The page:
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general announcements

'Maybe (S)he Had Some Authority': Celebrating the Works of Black Women Writers

Friday, July 27, 2018 - 9:31am
Northeast Modern Language Association (NeMLA) 50th Anniversary Convention
deadline for submissions: 
Sunday, September 30, 2018

This year’s NeMLA convention is historic: the organization celebrates five decades of cultivating scholarship and pedagogy in literary studies. Equally historic is the fact that 2019 is an anniversary year for pivotal texts by Black women writers. It marks the sixtieth anniversary of the Broadway debut of Lorraine Hansberry’s critically acclaimed play A Raisin in the Sun (1959), and the fiftieth anniversary of Maya Angelou’s first autobiography, I Know Why the Caged Bird Sings (1969). Moreover, 2019 is also the fortieth anniversary of Octavia Butler’s now canonized fictional slave narrative Kindred (1979).

Seventeenth Claflin University Conference on English and Language Arts Pedagogy in Secondary and Postsecondary Institutions

Friday, July 27, 2018 - 9:30am
Claflin University
deadline for submissions: 
Saturday, September 15, 2018

Call For Papers

Seventeenth Claflin University Conference

 on English and Language Arts Pedagogy

in Secondary and Postsecondary Institutions


                                                                                                      October 30-31, 2018


THEME:  READING AND WRITING ACROSS THE                                                              


Tentative Schedule:


Thursday, July 26, 2018 - 9:06am
Walt Whitman Birthplace Association
deadline for submissions: 
Thursday, November 1, 2018

Walt Whitman Birthplace Association (WWBA) invites you to attend the inaugural Walt Whitman International Festival (WWIF) to be held August 9-11, 2019 at Walt’s Birthplace on Long Island, NY, in celebration of Whitman’s Bicentennial birthday. Join this historic celebration.

Walt was born here in 1819 in a home built by his father. In Walt’s poem, “There Was a Child Went Forth,” he commemorates his Birthplace environs that “became part of that child who went forth every day, and who now goes, and will always go forth every day.”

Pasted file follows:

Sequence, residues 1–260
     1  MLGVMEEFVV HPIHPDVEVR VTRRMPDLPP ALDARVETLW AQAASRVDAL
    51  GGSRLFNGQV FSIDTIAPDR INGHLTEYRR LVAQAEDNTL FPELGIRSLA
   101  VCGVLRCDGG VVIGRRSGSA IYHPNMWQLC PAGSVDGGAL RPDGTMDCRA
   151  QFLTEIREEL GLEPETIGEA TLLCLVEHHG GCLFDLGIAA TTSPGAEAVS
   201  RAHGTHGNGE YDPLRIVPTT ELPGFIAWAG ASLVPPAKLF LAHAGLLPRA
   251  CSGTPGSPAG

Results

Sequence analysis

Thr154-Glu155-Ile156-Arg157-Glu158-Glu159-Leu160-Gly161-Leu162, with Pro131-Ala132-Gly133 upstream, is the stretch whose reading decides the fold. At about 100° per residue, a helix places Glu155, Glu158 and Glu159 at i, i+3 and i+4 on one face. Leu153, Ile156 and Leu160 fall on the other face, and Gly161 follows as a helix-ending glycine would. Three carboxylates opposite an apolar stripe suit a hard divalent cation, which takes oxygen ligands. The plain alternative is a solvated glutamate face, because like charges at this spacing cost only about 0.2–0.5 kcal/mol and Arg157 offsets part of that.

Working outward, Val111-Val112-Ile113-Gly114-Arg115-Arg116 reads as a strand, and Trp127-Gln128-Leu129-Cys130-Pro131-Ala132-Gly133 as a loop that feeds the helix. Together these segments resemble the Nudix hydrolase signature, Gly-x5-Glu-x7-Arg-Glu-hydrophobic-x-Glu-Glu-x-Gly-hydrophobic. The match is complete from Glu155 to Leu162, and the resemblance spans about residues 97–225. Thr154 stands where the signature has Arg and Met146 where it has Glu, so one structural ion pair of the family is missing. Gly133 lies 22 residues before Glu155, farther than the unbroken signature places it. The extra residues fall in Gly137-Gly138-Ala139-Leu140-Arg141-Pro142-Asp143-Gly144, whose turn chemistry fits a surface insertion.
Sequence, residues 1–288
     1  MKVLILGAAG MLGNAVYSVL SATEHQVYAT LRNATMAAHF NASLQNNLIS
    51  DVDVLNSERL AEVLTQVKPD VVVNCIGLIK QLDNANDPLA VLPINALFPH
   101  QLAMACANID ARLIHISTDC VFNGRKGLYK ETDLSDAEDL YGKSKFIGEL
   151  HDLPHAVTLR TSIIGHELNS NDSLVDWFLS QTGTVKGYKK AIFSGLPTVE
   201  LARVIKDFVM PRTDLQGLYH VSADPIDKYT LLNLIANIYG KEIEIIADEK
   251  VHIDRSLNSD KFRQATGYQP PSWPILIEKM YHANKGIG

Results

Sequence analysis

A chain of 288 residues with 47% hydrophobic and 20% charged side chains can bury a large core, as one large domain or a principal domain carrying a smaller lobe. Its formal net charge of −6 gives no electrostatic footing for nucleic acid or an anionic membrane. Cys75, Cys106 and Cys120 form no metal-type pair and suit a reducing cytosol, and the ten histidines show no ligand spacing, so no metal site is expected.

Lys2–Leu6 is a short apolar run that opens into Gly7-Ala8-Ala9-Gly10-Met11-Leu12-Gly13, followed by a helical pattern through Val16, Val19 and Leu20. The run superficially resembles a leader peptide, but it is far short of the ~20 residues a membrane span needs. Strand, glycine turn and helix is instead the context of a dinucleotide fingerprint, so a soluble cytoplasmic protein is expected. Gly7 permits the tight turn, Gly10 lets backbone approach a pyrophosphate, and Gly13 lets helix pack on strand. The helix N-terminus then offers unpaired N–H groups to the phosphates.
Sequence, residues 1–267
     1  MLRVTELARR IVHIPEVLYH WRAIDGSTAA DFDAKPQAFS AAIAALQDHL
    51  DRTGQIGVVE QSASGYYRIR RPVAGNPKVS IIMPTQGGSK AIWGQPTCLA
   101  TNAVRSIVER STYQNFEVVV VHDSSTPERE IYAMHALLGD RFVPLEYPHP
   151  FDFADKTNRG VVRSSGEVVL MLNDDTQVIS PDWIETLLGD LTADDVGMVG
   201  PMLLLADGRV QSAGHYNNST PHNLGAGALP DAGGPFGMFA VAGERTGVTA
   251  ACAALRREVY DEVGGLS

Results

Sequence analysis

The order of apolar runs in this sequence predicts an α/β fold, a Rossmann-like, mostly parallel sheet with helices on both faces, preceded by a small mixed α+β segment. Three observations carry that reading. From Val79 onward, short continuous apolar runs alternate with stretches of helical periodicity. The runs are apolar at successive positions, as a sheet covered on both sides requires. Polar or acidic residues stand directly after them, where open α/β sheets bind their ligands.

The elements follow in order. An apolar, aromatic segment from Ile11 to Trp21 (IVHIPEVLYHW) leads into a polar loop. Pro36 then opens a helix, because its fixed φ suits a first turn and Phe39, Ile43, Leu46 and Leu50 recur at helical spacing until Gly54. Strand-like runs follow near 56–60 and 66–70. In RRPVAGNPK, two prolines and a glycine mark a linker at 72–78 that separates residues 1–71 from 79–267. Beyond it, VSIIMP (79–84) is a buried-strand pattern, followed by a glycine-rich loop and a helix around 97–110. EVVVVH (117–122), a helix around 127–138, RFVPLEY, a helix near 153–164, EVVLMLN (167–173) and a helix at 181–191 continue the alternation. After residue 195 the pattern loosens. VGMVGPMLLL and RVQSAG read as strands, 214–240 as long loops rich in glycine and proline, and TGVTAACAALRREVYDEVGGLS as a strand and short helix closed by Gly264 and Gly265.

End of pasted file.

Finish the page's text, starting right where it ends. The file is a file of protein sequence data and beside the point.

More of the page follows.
Cities and Their Representations At the Turn of the Century

Saturday, August 4, 2018 - 11:12am
American Comparative Literature Organization/ACLA
deadline for submissions: 
Sunday, September 30, 2018

Who does the city represent? What does a city represent? What does it mean to represent and how does this come together in representations of cities at the turn of the nineteenth to twentieth centuries, a moment associated with the height of modernity, or at least the height of excitement about the project of modernization? The relationship between cities and modernity is often taken for granted. For example, many scholars associate cities with civilization, particularly as sites for the advancement of civilization. Yet, wholesale urban planning performed from the top down is often enacted in decidedly uncivil ways, calling into question which populations are represented in and by the city, or who is the proper citizen?

CALL FOR PAPERS: TRANSITIONS 8 – new directions in comics studies 2018

Tuesday, July 24, 2018 - 6:19pm
deadline for submissions: 
Friday, August 24, 2018

CALL FOR PAPERS: TRANSITIONS 8 – new directions in comics studies 2018

Birkbeck, University of London

Saturday 10th November 2018

After a year’s hiatus we are delighted to announce this call for papers for the interdisciplinary Transitions 2018 symposium. Originally convened by PhD students in 2010, Transitions at Birkbeck is a platform for emerging research that is free to attend and participate in.

Special Issue 'American Literary Naturalism in the World'

Tuesday, July 24, 2018 - 9:01am
CR: The New Centennial Review (Michigan State UP)
deadline for submissions: 
Tuesday, October 30, 2018

Essays are invited for a forthcoming special issue of the CR on American literary naturalism in a global context. As Christopher Hill has argued in “The Travels of Naturalism and the Challenges of a World Literary History,” the history of nineteenth-century naturalist fiction points to disorderly patterns of circulation that suggest “multiple, overlapping histories, together forming a heterogeneous history on the scale of the planet.” Using the concept of “travel” as his point of reference, Hill sees naturalism as a paradigm for thinking about transnational literary, cultural, and economic transformations.

EXTENDED DEADLINE: Literature at Sea: Storms, Shipwrecks, and Survival

Friday, July 20, 2018 - 2:00pm
Ben P. Robertson/Troy University English Department
deadline for submissions: 
Wednesday, July 25, 2018

Join us in Jamaica, Grand Cayman, Mexico, and Cuba!
Literature at Sea: Storms, Shipwrecks, and Survival
Miami, Florida, USA, 17-24 December 2018Abstracts are invited for a conference sponsored by the Troy University English Department on storms, shipwrecks, and survival, broadly defined.  Proposed papers may focus on the literature of any country and any literary period, but please keep in mind that the conference language will be English.  Topics might include (but are not limited to) the following: 
Tidal waves
Sublimity and the sea

Kalamazoo 2019: Early Medieval Education

Saturday, August 11, 2018 - 1:43pm
Sophia D'Ignazio, Cornell University
deadline for submissions: 
Saturday, September 15, 2018



ICMS, Kalamazoo 9-12 May 2019